A bomb killed seven Pakistani soldiers and wounded 11 others Saturday, officials said, after US Secretary of State Hillary Clinton warned Al-Qaeda is at the core of the country's terrorist threat.
"Seven paramilitary soldiers were killed and 11 were wounded in the remote-control bomb attack," Shafirullah Khan, the top administrative official in the northwestern tribal district of Khyber, told AFP by telephone.
Military and security officials in nearby Peshawar city confirmed the incident, saying two vehicles carrying rations for Pakistani troops were destroyed in the blast. It occurred about 15 kilometres (nine miles) west of Peshawar, AFP reports.
According to Bloomberg, Secretary of State Hillary Clinton ended a three-day visit to Pakistan in which she confronted intense anti-American sentiment in a nuclear-armed country that has become a central front for violent extremists.
Wielding the celebrity she enjoys in Pakistan as a former first lady who first visited in 1995, Clinton tried to close the trust deficit that strains U.S.-Pakistani ties. She appeared on live television and in newspaper pages pledging to support democracy and development and praising the military for its five-month campaign against Taliban strongholds.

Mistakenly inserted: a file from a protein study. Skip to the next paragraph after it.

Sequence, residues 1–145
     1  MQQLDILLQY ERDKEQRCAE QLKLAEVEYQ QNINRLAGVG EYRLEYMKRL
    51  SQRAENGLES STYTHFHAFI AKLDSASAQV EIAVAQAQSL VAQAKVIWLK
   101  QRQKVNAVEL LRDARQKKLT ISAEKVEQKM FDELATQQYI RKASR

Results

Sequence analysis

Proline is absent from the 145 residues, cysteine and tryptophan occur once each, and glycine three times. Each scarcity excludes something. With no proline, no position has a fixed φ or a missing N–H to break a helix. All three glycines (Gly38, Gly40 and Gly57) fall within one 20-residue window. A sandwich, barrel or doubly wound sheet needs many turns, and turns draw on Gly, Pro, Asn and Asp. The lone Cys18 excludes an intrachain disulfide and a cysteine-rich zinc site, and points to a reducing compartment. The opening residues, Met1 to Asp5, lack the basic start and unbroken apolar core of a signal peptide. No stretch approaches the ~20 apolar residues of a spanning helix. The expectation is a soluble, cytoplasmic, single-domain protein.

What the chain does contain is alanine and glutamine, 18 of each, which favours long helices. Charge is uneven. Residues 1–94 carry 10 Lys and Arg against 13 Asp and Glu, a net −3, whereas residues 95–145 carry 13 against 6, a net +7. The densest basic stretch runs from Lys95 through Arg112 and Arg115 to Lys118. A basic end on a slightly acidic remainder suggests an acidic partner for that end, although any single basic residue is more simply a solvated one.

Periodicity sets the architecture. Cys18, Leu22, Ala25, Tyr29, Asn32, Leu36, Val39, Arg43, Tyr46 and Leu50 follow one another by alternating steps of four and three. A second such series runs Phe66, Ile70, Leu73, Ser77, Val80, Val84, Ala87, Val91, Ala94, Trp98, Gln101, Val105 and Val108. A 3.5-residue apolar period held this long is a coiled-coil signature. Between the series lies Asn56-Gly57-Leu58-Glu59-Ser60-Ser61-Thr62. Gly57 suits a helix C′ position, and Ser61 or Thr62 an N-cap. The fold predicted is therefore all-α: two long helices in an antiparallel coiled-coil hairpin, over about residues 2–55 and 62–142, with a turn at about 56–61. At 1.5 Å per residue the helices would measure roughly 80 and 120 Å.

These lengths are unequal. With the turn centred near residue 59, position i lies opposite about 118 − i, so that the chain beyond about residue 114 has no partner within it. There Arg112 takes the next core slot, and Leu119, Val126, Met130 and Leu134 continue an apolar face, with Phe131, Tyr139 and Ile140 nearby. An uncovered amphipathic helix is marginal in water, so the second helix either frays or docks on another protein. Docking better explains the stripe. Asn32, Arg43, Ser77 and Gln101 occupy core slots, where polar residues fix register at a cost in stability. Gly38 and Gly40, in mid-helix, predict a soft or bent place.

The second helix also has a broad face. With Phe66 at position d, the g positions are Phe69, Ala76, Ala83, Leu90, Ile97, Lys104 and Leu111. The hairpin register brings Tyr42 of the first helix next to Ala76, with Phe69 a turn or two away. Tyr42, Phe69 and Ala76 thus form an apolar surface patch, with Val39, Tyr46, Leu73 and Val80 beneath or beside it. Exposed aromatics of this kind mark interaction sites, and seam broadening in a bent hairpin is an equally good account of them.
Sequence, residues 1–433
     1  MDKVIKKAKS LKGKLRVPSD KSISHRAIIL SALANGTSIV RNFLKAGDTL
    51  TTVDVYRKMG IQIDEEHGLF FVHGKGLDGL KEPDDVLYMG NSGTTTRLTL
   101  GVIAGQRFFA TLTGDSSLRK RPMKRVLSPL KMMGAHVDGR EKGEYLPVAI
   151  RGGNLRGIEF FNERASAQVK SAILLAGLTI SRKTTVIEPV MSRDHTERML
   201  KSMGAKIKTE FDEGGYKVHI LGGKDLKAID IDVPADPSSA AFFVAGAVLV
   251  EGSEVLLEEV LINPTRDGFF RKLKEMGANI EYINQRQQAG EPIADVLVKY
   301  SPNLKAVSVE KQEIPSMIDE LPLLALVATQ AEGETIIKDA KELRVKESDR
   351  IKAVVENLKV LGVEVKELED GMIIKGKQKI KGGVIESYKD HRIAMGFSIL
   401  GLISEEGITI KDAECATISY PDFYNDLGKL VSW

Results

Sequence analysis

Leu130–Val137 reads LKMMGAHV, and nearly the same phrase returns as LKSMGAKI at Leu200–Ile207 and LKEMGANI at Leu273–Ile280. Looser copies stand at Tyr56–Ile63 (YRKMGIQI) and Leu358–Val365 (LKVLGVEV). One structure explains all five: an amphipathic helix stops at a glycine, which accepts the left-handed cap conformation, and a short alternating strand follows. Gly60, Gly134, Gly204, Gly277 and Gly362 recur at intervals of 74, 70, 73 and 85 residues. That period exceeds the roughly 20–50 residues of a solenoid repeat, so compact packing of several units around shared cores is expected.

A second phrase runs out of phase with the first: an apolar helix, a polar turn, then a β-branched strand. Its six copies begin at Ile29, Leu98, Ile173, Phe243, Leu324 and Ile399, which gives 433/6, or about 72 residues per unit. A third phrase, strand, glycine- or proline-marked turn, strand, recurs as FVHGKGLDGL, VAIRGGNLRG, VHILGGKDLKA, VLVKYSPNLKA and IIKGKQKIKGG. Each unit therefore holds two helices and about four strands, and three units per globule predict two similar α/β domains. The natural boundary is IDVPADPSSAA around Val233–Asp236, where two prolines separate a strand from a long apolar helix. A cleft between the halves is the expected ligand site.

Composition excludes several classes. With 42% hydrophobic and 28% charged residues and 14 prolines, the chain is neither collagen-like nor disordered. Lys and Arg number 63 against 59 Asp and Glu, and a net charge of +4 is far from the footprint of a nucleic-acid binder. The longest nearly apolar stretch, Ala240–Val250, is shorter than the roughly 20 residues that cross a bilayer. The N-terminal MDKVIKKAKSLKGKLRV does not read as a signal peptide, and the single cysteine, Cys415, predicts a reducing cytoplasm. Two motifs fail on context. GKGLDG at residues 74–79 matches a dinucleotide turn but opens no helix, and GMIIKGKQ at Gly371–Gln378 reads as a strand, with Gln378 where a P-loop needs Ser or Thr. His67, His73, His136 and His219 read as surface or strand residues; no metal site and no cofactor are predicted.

Clinton "broke the ice" by risking her security to visit Lahore and Islamabad, two cities that have suffered terrorist attacks, and listening to "suspicion, anger and aggression" from Pakistani audiences, Jugnu Mohsin, publisher of the Lahore- based Friday Times newspaper group, said in an interview.
President Asif Ali Zardari, speaking to members of his Pakistan People's Party, said Friday that "there was no turning back ... until the complete elimination of the militants," according to a statement from his office, The Associated Press reports.
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